Since John McCain announced his wild and crazy choice of Sarah Palin to be his running mate in the presidential election, wild and crazy stuff has been coming out about her.
I am not going to do the Democrats’ work by repeating it all here, but Americans shouldn’t go thinking that John McCain’s staff didn’t thoroughly vet her beforehand.
Are you kidding? Her selection was vetted with the same care and attention to detail that the Bush administration took in making the case to invade Iraq.
But I do have some concerns about Palin’s fitness to hold high office. Mostly, I am worried about her penchant for moose hunting.
I know moose hunting is popular in Alaska and far be it for me to criticize the folkways of other states. After all, here in Pittsburgh we go to the ballpark and watch pierogies race and oftentimes they provide more excitement than the Pirates’ version of baseball.
But at least we have the good grace not to shoot any pierogies on the theory that it is not sporting to shoot large lumps of fried stuffed dough. That theory should also apply to moose, which are nothing if not large lumps.
It would seem to me that, in terms of skill, shooting a large animal like a moose is about as difficult as hitting the side of a barn or taking potshots at a drive-in movie screen. Where is the challenge? And what has any moose done to offend Mrs. Palin or anyone else?
Moose are known to move ploddingly about the bush, stopping every so often to graze like large government workers at the staff cafeteria. I don’t doubt they can get ornery, especially if you call them homely, but all large, dim-witted animals can be dangerous — for example, Rush Limbaugh.
But I don’t think this is any excuse to open fire. While I don’t mind people hunting ducks or deer, I am for being kind to oversized animals that look like old carpet racks moving through the forest with expressions like Gomer Pyle.
Frankly, I fear for America’s prestige in the world when mooseburgers are added to the White House menu at the vice president’s behest. Previously, the worst that happened was that visiting dignitaries would be tortured if they didn’t eat their vegetables.
Worse yet, what if the playgrounds of America are soon filled with children called Track, Bristol, Willow, Piper and Trig — thanks to Sarah Palin’s example?
And what if the mothers who pick them up from school have their hair done up in retro buns last seen when Priscilla was dating Elvis? Those will be the days when mooseburgers linger bitter in our mouths.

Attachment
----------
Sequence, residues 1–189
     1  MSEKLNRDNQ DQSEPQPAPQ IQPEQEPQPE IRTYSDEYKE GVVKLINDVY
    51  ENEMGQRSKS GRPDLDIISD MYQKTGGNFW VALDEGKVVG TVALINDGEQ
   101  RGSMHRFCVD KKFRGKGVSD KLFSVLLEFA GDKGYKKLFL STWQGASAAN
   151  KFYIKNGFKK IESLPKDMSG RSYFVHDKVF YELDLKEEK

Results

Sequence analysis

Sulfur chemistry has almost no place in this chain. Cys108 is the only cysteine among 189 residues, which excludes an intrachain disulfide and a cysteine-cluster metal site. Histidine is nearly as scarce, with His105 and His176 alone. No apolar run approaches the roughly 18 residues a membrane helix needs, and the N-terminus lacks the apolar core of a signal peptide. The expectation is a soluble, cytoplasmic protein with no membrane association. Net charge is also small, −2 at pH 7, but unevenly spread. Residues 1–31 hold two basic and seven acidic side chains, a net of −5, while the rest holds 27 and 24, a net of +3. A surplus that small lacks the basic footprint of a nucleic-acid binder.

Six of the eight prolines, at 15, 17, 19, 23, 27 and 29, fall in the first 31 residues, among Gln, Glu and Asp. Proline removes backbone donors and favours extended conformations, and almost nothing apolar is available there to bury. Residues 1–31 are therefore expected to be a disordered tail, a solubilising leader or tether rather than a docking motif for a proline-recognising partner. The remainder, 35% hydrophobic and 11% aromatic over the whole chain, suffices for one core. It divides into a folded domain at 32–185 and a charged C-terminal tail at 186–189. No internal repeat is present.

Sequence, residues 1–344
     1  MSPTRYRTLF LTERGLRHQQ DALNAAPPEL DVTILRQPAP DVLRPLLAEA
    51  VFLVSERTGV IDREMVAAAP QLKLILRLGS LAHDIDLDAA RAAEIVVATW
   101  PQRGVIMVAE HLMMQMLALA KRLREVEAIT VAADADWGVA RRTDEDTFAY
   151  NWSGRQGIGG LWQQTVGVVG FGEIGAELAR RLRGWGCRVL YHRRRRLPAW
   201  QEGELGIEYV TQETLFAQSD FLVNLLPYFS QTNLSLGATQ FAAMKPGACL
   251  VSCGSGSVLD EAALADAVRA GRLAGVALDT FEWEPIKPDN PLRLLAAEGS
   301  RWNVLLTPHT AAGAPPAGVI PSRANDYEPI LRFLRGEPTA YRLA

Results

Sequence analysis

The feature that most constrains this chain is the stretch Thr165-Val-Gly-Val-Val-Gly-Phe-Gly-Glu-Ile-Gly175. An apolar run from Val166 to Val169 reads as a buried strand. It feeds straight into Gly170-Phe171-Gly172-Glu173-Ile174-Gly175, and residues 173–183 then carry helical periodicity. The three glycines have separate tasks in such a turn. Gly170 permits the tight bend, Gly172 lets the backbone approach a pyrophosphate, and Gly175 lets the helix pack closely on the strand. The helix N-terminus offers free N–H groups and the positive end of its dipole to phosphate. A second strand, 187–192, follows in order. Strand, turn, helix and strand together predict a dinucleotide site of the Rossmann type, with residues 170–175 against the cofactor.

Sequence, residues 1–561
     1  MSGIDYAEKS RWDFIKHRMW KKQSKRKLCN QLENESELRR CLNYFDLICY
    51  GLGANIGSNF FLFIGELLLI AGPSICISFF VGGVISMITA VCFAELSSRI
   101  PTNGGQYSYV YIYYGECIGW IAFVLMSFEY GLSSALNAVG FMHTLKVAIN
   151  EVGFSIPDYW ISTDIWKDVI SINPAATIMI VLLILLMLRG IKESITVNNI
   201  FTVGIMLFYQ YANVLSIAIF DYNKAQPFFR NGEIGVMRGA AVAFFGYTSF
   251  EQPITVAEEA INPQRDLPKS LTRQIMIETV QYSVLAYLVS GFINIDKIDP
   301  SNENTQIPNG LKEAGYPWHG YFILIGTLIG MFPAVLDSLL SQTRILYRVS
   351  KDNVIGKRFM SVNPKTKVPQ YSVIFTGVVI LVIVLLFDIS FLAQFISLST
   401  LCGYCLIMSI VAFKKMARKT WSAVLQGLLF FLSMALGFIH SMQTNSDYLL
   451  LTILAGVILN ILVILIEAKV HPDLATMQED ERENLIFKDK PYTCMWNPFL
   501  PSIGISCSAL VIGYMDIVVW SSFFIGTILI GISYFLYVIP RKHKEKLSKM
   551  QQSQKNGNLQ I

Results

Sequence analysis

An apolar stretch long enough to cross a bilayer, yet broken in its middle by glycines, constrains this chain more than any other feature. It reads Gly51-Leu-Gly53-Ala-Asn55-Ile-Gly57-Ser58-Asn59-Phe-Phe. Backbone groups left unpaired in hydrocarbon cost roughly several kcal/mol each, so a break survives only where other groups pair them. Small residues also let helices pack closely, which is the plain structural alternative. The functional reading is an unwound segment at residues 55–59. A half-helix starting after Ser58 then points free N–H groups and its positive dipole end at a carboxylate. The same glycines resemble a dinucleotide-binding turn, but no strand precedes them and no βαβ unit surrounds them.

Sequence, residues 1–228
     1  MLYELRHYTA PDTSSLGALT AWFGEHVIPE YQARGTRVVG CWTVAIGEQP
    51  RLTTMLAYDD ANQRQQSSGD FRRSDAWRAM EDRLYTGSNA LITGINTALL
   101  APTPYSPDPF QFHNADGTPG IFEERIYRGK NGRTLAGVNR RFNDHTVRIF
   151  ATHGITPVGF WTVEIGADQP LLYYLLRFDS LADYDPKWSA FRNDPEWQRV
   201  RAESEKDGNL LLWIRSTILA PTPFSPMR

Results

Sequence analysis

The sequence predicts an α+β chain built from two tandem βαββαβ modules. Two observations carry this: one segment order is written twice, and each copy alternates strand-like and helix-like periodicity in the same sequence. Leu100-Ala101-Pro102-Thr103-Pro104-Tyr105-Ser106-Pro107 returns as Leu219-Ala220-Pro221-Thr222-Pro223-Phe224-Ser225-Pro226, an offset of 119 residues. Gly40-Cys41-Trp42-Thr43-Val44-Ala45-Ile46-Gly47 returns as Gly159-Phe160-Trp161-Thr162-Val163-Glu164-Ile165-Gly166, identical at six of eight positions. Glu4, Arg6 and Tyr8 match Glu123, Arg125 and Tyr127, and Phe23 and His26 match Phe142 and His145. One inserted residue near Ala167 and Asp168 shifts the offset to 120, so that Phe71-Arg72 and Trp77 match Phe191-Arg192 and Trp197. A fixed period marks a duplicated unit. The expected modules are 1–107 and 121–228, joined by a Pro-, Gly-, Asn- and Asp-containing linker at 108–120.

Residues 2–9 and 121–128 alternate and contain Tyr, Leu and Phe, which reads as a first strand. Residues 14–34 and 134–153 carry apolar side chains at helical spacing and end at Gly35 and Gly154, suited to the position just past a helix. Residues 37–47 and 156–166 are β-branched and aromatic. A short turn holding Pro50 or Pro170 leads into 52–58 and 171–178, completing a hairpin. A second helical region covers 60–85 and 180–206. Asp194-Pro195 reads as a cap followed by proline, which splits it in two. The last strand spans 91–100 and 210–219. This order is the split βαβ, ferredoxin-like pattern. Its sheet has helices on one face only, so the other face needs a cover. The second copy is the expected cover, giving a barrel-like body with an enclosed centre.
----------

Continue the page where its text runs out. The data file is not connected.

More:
Fortunately, the presumptuous vice president has family values. In fact, with her sort of far-right values, she could be Genghis Khan’s sister.
Still, by picking Sarah Palin as his running mate, John McCain has liberated all of us from the tyranny of experience. He has picked someone who is not just inexperienced but spectacularly so, a privilege reserved for the good-looking.
But experience is so yesterday. In a more stuffy era, singers trained their voices for years in the conservatory; today they just pick up a guitar and get on with it. Stockbrokers, who needs them when babies can trade stocks online? Even journalists, who once spent years learning to drink and stay awake in council meetings, are now supplanted in the public affection by bloggers who don’t know how to look rumpled.
Sure, experience still counts in some areas: Self-taught brain surgeons and proctologists are to be avoided, as is getting on a plane serviced by mechanics who took an online course. But in politics, a form of mass entertainment, experience is not required in our modern era. This is called progress.
Of course, before this announcement, the conservative talking point was that Barack Obama was not experienced enough for the White House. While some have desperately recalibrated the argument, now saying for the first time that executive experience is what is needed, that won’t fly either. Ms. Palin doesn’t have much of that, either.
The experience argument as used against Sen. Obama was always just a convenient way of saying: "Go away. Come back when you are experienced, by which time we will have another excuse and you will be too old to be exciting." Now his critics are reduced to not liking him because he doesn’t shoot moose. This may not be progress but it is some wild and crazy fun.
Reg Henry is a columnist with the Pittsburgh Post-Gazette. E-mail him at rhenry(at)post-gazette.com.